Ph.D. thesis by Clotilde Pierson, Université Catholique de Louvain (BE)​

Space and light and order. Those are the things that men need just as much as they need bread or a place to sleep.
[Le Corbusier]

Exposure to light, and especially to daylight, has much to offer. Regarding buildings’ occupants, daylight has been shown to boost performance, improve sleep, provide a connection to the outside, increase comfort, lessen agitation, and reduce depression. Regarding buildings, daylight enhances the aesthetics of a space and improves its energy efficiency. On one condition, though: that it does not produce visual discomfort. In order to harvest the benefits of daylight, visual discomfort has to be minimized. Hence, discomfort glare from daylight should be predictable.

To date, more than twenty daylight discomfort glare models have been developed. However, none of them can consistently and accurately explain the large variation between subjects’ discomfort glare perception. Improving current models predicting discomfort glare perception remains a crucial step to move towards optimal daylighting design in buildings.

In this context, it is hypothesized that the prediction of discomfort glare perception can be improved by including relevant additional factors related to the context or to the subject in the models. The main research question that this study aims to answer is to determine whether one of these factors, namely the socio-environmental context of the subject, influences discomfort glare perception from daylight in office buildings. The socio-environmental context is defined here as the climate and habitat, including indoors and outdoors, to which a subject has been acclimatized, her/his behavior toward these elements, and her/his expectations about them. Two additional research questions aim at investigating other potentially influencing factors and potential experimental biases in order to guide further research in the field.

For this purpose, a field study was conducted in real office buildings located in four socio-environmental contexts, i.e., Chile, Belgium, Japan, and Switzerland. Discomfort glare perception evaluations, each consisting of a subjective assessment of discomfort glare from daylight and the measurement of the visual stimulus, were collected at the office desk of the 401 subjects who took part in the study. The raw data was processed to derive useful information, and cleansed according to specific rules to ensure data quality.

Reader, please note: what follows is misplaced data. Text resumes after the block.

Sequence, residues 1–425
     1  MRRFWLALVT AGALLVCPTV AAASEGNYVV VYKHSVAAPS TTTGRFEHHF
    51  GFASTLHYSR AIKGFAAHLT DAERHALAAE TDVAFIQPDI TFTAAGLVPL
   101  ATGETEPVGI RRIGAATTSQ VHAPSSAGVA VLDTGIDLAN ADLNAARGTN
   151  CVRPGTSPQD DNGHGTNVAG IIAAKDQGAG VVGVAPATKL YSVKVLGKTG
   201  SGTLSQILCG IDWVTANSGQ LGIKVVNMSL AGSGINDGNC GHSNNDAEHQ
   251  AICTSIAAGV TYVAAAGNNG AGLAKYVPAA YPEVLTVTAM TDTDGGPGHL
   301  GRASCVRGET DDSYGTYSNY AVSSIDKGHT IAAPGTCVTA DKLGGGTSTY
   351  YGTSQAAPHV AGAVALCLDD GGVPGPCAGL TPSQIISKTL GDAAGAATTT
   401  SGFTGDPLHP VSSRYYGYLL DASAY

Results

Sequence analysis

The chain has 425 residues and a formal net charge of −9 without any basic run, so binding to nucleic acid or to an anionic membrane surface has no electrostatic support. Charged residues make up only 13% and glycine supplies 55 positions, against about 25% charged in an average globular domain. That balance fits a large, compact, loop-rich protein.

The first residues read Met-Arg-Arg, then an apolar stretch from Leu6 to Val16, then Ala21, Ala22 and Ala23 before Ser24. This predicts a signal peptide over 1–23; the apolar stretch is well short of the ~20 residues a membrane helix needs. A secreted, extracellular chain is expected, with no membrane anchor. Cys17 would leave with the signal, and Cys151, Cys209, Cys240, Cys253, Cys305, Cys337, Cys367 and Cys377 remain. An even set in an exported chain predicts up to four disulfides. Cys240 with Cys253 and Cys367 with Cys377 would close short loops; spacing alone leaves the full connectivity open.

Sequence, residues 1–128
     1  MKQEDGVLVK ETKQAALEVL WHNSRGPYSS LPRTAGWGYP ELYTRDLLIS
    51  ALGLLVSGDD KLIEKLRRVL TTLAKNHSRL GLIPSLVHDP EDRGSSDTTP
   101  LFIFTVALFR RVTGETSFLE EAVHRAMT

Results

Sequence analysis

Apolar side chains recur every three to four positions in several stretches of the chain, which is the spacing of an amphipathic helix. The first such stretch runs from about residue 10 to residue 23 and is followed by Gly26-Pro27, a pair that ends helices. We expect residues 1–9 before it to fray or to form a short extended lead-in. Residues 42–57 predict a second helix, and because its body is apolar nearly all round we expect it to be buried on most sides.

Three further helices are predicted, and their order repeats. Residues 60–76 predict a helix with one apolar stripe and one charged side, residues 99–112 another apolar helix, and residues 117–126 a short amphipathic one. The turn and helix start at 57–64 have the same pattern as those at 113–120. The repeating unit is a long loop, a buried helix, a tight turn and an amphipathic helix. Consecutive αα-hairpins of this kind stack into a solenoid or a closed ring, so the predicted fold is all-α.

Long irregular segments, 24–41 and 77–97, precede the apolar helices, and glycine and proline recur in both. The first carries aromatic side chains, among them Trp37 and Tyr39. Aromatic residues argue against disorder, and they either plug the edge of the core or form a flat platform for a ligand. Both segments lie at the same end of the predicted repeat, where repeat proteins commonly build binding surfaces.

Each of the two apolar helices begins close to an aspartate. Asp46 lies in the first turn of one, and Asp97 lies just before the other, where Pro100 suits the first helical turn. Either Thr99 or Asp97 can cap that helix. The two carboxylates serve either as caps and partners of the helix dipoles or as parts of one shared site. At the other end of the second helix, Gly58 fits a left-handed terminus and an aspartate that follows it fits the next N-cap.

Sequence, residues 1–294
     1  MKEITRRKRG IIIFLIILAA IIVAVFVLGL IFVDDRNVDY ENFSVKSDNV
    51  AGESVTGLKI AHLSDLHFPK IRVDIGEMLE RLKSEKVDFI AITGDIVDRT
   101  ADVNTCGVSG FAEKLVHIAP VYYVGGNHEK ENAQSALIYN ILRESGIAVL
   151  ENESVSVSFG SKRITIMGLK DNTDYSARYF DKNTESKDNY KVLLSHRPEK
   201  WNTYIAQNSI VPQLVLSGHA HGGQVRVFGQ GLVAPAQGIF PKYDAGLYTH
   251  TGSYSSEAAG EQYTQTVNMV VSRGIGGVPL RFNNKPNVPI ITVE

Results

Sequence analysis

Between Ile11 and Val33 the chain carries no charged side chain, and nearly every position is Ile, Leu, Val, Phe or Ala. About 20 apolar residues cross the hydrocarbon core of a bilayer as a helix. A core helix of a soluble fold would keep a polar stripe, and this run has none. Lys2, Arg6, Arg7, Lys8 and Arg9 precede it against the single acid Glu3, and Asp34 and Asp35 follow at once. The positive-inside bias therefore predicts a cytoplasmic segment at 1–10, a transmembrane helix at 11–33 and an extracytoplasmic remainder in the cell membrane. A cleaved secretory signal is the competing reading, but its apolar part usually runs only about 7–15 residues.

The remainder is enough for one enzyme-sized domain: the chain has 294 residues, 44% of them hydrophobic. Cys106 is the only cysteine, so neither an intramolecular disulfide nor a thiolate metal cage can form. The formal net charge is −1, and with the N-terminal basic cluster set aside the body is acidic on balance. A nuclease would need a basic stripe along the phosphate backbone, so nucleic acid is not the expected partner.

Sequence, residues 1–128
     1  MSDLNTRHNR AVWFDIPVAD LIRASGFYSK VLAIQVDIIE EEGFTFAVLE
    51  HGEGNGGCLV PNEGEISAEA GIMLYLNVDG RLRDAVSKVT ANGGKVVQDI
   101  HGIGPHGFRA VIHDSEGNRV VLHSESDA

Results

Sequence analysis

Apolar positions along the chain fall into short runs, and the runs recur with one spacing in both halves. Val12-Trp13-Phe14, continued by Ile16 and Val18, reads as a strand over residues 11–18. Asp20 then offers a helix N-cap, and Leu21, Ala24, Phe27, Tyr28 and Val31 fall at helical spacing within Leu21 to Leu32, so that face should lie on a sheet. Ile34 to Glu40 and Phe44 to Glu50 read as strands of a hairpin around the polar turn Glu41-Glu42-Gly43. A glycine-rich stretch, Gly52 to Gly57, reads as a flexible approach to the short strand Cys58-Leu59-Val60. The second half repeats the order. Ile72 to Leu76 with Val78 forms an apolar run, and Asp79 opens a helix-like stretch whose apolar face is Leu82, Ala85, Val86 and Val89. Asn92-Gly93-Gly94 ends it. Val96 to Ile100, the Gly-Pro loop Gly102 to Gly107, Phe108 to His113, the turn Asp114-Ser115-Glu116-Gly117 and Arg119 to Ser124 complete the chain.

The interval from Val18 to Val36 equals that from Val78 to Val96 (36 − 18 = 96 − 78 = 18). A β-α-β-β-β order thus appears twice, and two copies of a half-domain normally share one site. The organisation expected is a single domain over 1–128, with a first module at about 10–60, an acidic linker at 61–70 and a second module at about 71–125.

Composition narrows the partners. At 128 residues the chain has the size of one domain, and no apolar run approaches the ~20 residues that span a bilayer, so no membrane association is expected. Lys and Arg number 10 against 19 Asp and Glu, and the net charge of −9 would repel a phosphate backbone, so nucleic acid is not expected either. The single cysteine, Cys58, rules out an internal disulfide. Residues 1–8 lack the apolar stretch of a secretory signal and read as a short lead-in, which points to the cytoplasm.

Different statistical analyses were conducted on the processed and cleansed data to answer the main research question. No statistically significant differences in the sensitivity to discomfort glare from daylight could be observed between the subjects acclimatized to the Chilean, Belgian, Japanese, and Swiss contexts. The results show therefore no evidence of an influence of the socio-environmental context of a subject on discomfort glare perception from daylight in office buildings.

Furthermore, the influence of several other factors on discomfort glare perception from daylight in office buildings was tested and the data was further analyzed regarding potential experimental biases in order to answer the two additional research questions.

A statistically significant effect was found for three factors, namely the self-assessed glare sensitivity, the attractiveness of the view through the window, and the indoor air temperature. From this result, it can be hypothesized that these factors could influence discomfort glare perception. Moreover, further analyses suggest that two experimental biases, namely the glare rating scales and the study type, could be influencing the results of studies on discomfort glare perception. However, since the study was not specifically designed to answer these two additional research questions, and in view of its limitations, no conclusion can be drawn on these last observations. They can, however, be used to guide the development of future studies.

In conclusion, this research provides no evidence that discomfort glare from daylight is perceived differently in different socio-environmental contexts. Research efforts in discomfort glare perception from daylight should therefore aim at improving prediction models by looking at other potential factors, such as physiological and environmental ones. Finally, future studies should also aim for the validation of reliable methods to study discomfort glare, and for the development of a unified methodological framework to promote the reproducibility of studies and the comparability of results.

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